Now coming to diseased skin, a good dermatologist who has good vision along with a good clinical acumen Or knowledge of dermatology, should be able to in 95 per cent of the cases, diagnose the disease or at least arrive at the most two probable diagnosis, which can then be confirmed as to which particular disease the skin has. But unfortunately, this is not followed in most of the cases and most modern dermatologists start their therapy with steroids, which is either warranted or not warranted. Drugs like methotrexate to more toxic substances should be used only as a last resort.
For seasonal skin diseases, some of the diseases which are seen to occur normally in winter are atopic eczema, psoriasis, numular eczema, winter itch, senile pruritis and pitryasis rosea, seboric dermatitis with itchiosis which if congenital could last throughout the year, with the degree of severity increasing during winter. Likewise, preceding summer, generally there are diseases like pitryasis rosea, dishidrosis with erythrema multiformae.
During summer one may get contact dermatitis, tinea of the feet and groins, miliria and prickly heat, actinic dermatitis, insect bites, impetigo and tinea versiculor, which are all very common. On the contrary, Darrier’s disease and epidermolysis bulosa are uncommon and could be drug induced. Tinea of the scalp is more common in school children.
Before jumping to what the conclusion of the diagnosis is, more than just a cursory glance must be given to the skin, which by itself will provide the doctor a 3:1 probability or idea of what the disease is likely to be. This has to be followed by a question answer session, with questions probing in nature to determine the cause of the disease. You will be quite surprised that this could lead to a 90 per cent conclusive arrival of what the disease is or what the cause of the disease would be.
It just takes the remaining 10 per cent to diagnose the actual condition, since if a person is on the right track and a particular set of medicines is being given, which are not immunosuppressive the patient improves and begins to feel positive towards the entire treatment. Above all, time must be taken in explaining to the patient about the disease, so that he or she understands the condition and hence builds up self confidence, which finally leads to being cured completely in as short a time frame as possible.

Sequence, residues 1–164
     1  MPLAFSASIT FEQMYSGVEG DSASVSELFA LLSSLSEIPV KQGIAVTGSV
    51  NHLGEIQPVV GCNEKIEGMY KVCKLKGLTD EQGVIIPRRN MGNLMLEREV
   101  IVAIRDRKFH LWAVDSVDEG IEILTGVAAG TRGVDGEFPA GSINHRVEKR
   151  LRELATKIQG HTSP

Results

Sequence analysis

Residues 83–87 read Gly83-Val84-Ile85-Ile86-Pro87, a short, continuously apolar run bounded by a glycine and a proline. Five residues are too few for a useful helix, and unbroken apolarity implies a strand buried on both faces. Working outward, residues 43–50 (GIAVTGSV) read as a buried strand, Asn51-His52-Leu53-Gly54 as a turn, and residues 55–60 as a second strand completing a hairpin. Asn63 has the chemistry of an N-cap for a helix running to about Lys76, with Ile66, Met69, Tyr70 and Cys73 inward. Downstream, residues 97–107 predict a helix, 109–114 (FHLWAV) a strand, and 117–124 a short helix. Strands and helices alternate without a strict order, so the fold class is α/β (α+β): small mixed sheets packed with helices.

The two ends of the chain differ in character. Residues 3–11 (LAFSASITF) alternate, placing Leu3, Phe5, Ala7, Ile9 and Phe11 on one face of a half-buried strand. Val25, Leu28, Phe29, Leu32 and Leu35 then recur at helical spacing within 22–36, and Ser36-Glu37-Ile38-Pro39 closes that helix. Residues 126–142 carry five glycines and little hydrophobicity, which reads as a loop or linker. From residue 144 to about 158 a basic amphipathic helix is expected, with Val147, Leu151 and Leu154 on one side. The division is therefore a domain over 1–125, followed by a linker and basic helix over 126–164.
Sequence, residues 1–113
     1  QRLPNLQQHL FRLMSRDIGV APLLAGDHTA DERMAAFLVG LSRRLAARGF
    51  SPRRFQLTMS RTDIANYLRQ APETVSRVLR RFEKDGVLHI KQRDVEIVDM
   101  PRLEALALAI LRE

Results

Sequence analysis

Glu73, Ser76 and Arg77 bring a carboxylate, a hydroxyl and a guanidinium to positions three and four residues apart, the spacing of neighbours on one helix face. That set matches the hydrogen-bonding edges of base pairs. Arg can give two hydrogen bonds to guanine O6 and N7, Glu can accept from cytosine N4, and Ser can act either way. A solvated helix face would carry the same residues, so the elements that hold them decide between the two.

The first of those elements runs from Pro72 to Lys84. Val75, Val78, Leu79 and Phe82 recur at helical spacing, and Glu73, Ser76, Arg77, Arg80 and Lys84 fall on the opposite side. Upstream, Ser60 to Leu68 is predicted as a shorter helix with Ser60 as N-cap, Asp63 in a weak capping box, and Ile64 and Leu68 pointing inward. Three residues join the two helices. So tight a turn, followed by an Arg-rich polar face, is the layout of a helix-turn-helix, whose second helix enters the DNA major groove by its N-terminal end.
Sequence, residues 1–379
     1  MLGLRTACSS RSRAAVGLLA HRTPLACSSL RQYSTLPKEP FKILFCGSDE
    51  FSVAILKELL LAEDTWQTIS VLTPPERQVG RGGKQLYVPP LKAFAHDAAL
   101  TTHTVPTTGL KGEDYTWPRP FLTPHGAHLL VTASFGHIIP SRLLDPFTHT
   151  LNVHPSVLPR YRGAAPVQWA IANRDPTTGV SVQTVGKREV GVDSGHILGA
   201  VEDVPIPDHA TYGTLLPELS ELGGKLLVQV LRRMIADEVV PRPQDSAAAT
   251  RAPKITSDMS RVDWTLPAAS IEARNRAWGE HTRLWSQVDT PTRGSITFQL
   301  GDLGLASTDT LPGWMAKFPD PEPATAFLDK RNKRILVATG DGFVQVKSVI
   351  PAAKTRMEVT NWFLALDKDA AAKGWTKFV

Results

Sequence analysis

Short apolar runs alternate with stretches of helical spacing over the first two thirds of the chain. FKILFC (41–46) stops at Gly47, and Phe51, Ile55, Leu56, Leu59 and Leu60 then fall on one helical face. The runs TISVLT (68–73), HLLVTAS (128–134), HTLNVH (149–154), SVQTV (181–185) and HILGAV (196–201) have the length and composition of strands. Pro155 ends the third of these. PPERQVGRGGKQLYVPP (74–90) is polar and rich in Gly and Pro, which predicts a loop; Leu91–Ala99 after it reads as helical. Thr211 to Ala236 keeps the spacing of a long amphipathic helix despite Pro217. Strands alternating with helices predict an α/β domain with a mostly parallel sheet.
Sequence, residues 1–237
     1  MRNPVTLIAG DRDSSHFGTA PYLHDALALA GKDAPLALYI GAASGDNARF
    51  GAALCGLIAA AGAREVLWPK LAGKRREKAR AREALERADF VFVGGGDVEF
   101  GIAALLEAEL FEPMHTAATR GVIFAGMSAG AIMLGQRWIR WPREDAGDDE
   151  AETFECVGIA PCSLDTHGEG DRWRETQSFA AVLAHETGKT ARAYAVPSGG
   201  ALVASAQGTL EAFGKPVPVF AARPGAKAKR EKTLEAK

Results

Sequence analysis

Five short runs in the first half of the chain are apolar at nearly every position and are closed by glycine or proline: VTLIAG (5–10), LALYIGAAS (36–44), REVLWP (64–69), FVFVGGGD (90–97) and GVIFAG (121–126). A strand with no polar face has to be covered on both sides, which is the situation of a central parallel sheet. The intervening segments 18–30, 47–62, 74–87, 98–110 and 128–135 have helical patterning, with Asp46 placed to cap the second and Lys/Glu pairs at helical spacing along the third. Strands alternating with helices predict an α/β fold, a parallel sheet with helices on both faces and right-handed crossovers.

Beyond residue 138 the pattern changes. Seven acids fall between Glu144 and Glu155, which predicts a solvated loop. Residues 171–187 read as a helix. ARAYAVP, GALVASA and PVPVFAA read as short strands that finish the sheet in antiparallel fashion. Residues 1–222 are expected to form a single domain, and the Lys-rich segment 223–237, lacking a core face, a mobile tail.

One of the basic tenements or principles of medicine is that the doctor must see to it that the drug prescribed does not do any harm, if not good and also not to over treat. It is also important for the physician to know which of the medicines prescribed for local use on the skin could be greater irritants and sensitisers on the patient’s skin. This is because there is no substance on earth, which is 100 per cent non-allergic or non-toxic. There could be even one person in a million who could be allergic to a particular substance, which may be contrary to the remaining segment of the population.
Skin allergy is one of the most common skin ailments. Basically, one should have had a family history of urticaria, hay fever, allergic rhinitis, eczema or asthma.
A study proved that a disease can be genetically passed on up to the 9th generation. If an average Indian family is considered. of what it was 8 generations back, would encompass about a minimum of 2500 to 4000 individuals. Family history does play a major role in the diagnosis of the skin ailment and also does play a considerable role in the therapy part too.
Nowadays, substances known as Mast cell stabilisers are available, which prevent the release of serotonin / 5 HT, which makes a break in the allergic cycle that prevents the release of histamine itself. But this takes at least 60 days to start action and should he taken for about 10 months to a year depending on the improvement or the lack of improvement in the individual concerned. Interestingly, this acts on all the five conditions of allergy mentioned earlier. But surprisingly a lot of prescriptions with just a week’s dosage or probably a month’s dosage are prescribed by many doctors.
Sometimes the patient is also to blame, as he or she may not have taken the medicine for the prescribed period. The patient may also say that the previous doctor already prescribed the particular medicine to him or her and it never worked. Well, a new class of medicines called Leucrocrene Inhibitors is available, which act again on a different section of the allergic cycle and also have a different mode of action along with a shorter duration of treatment associated with it. But it has been observed in clinical practice. that certain patients who don’t really respond to these leucocrene inhibitors. but instead have responded more positively to the mast cell stabilisers, which are more than 15 to 20 years old.
So this is evident that it is not necessary for us to assume that the newer medicines are better and more efficient, because there still will be one or two individuals out of ten who respond better to the older drugs.
– Dr. Anand Krishna